Developing Reflection with the Use of a Teacher Journal

Developing Reflection with the Use of a Teacher Journal

Marek Derenowski (State University of Applied Sciences in Konin, Poland)
Copyright: © 2018 |Pages: 19
DOI: 10.4018/978-1-5225-2963-7.ch013
OnDemand PDF Download:
No Current Special Offers


If the educators are willing to develop their reflectivity on what they have habitually considered genuine, the teaching may transform them into professionals who are vitally open to the students and to the world. For that reason, the first part of the chapter concerns the process of becoming reflective educators whereas the consecutive section introduces teacher journal as a means of developing reflectivity. The next part of the chapter comprises a study which is an attempt to analyze and describe the data gathered from the entries in teacher journals. An additional effort will be made to examine which elements of the classroom interaction are influenced and which are ignored by teachers during the process of reflective development. The chapter ends with conclusions and suggestions for further research directions.
Chapter Preview


In 1671, Tsunetomo wrote Hagakure which was a manual consisting of a series of short reflections for the samurais. The author claims that with time people develop their reflectivity and awareness of the environment surrounding them. They start to notice their own insufficiencies and can also see the insufficiencies of others. What is more, as they advance daily and become more skillful they start to understand that the process of self-improvement is never-ending (Tsunetomo, 1671). These words may be considered as an illustration of the seventeenth century reflective approach. A similar approach can be found in the words of Rogers (1969), who said that: “The only man who is educated is the man who has learned how to adapt and change; the man who has realized that no knowledge is secure; that only the process of seeking knowledge gives a basis for security” (p.104).

Traditional understanding of teaching as a rather passive transmission of knowledge or providing the students with information seems to be exceedingly derisory. Therefore, in the contemporary foreign language classroom educators need to assist and help learners in coping with educational challenges. In order to do so, teachers need to adopt new, alternative roles of guides, helpers, prompters, facilitators, and mentors. While assuming such roles, teachers need to increase their awareness of the global character of the enterprise, foresee the future actions, and understand the steps which are necessary for achieving educational goals (Dakowska, 2001). Stevick (1980) believed that it is essential for teachers to develop their personal and professional reflective awareness by taking into consideration what goes inside and between their students. Furthermore, he advised pedagogues to get to know their students’ psychology, treat each of them as an ordinary person, since by doing so they will learn about their students’ attitudes to learning and their motivations.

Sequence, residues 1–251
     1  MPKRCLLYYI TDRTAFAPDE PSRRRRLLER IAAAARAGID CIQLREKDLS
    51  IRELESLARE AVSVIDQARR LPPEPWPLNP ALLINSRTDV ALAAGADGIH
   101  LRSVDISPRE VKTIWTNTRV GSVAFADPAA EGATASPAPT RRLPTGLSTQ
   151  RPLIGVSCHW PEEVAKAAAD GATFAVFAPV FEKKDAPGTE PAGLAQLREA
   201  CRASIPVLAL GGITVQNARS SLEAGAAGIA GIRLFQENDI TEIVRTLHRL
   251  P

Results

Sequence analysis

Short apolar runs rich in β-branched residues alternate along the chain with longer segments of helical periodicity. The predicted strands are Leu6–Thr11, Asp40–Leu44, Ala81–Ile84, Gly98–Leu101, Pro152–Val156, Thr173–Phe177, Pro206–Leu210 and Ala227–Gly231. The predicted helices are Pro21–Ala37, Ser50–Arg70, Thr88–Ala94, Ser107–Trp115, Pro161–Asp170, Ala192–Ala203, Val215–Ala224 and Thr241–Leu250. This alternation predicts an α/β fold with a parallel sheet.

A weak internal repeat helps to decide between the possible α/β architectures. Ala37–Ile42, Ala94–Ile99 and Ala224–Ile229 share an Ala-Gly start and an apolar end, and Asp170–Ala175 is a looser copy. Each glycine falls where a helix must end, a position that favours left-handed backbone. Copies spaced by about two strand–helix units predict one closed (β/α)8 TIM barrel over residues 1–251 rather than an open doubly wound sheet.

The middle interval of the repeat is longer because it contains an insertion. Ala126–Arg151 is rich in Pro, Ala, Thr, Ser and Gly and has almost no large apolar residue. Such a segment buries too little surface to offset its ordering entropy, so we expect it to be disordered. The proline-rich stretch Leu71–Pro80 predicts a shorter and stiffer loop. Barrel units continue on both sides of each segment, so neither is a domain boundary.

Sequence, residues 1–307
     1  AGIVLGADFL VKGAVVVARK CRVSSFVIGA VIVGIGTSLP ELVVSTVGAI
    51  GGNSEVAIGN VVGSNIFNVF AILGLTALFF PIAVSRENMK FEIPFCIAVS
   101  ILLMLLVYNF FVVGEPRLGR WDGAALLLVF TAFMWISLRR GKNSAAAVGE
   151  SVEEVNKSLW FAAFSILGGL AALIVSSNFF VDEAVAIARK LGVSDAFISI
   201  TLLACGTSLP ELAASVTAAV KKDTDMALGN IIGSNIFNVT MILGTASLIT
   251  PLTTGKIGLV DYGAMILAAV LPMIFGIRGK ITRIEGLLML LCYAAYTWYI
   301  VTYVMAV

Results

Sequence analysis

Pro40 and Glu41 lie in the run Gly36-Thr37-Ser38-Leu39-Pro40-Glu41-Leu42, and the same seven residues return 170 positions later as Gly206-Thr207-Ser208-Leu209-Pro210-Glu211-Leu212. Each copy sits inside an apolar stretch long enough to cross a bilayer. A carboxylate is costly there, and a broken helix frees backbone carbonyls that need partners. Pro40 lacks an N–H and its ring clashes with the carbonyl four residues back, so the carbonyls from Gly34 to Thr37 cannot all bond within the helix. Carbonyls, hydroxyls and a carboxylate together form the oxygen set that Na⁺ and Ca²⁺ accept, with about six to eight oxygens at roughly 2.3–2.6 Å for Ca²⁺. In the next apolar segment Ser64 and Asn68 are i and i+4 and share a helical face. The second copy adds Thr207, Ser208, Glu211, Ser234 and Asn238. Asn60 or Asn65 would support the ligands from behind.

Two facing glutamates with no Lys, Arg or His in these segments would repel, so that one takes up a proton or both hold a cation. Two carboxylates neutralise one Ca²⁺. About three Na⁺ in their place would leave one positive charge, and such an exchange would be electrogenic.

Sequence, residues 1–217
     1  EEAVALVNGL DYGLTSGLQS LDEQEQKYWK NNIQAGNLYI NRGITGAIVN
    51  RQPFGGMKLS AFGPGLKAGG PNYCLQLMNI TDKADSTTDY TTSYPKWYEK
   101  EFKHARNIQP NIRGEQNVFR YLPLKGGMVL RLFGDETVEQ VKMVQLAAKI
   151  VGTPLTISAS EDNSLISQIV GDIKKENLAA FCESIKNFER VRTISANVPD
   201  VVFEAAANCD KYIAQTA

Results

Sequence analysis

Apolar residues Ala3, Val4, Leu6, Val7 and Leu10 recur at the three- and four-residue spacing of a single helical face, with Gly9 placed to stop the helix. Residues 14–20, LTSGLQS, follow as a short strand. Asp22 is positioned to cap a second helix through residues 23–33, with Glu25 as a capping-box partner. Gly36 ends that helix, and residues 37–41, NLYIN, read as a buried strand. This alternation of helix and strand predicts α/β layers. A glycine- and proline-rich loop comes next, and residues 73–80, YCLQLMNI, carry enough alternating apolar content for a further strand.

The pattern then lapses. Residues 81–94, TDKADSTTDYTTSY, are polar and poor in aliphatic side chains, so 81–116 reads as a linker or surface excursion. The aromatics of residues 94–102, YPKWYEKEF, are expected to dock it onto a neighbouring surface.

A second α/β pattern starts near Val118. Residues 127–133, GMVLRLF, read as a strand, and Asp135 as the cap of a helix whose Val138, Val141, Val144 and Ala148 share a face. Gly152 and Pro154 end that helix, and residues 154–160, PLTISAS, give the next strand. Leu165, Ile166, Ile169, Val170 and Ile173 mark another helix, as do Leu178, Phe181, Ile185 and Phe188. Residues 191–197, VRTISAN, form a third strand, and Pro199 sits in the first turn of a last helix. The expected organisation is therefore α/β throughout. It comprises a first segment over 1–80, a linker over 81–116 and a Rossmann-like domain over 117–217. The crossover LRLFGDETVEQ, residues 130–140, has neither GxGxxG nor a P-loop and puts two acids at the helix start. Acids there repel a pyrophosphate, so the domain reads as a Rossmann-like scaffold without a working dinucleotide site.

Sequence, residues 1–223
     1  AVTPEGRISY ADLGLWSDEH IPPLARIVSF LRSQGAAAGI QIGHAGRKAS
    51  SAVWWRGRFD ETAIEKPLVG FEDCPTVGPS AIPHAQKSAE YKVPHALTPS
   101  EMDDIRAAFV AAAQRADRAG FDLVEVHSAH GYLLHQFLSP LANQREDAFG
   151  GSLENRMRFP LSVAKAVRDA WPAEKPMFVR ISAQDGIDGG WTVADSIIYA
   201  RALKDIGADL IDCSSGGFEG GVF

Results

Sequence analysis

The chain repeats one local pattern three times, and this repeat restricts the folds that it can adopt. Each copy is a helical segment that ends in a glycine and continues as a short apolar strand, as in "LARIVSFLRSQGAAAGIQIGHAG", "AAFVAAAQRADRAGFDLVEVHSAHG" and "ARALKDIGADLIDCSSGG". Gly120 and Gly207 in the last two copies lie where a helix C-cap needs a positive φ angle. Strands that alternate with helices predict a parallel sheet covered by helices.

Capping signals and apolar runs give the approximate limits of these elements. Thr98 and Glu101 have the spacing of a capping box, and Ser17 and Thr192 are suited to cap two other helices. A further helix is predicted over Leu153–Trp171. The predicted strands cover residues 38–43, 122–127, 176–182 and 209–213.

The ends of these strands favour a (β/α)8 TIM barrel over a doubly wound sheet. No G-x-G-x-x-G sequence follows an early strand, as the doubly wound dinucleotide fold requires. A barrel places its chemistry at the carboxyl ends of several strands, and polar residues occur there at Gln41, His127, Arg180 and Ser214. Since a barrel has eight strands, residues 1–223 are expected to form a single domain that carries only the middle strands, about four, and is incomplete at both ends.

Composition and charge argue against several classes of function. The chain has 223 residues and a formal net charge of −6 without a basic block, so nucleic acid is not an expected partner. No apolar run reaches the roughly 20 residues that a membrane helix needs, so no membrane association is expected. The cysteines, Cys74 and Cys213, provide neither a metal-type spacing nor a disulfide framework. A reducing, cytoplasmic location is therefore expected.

Contemporary teachers need to develop reflective awareness and communicate openly and emphatically with their students. They need to become reflective practitioners who will not only understand themselves better, but will also set the stage and context for successful learning. Therefore, in order to make the process of language learning and teaching more student-centered and efficient, educators need to increase their reflectivity and awareness of themselves as well as of their students. Sometimes, even teachers who are aware of the ongoing changes refuse to change their teaching routines. As Appel (1995) writes: “An emphasis on change does not necessarily combine well with one on practice. The practicing teacher’s resistance to educational change has often been the subject of complaint” (p. xiv). The problem may be even bigger taking into consideration the fact that teachers are often convinced that they are ‘doing their job’. However, there is a significant difference between: ‘I do not know’ and ‘I think I know’. Therefore, the main objective of this chapter is to investigate the influence of journal writing process on the development of reflectivity among foreign language teachers and assess which elements of the classroom interaction were reflected upon and which were neglected during the process of reflection.

Complete Chapter List

Search this Book: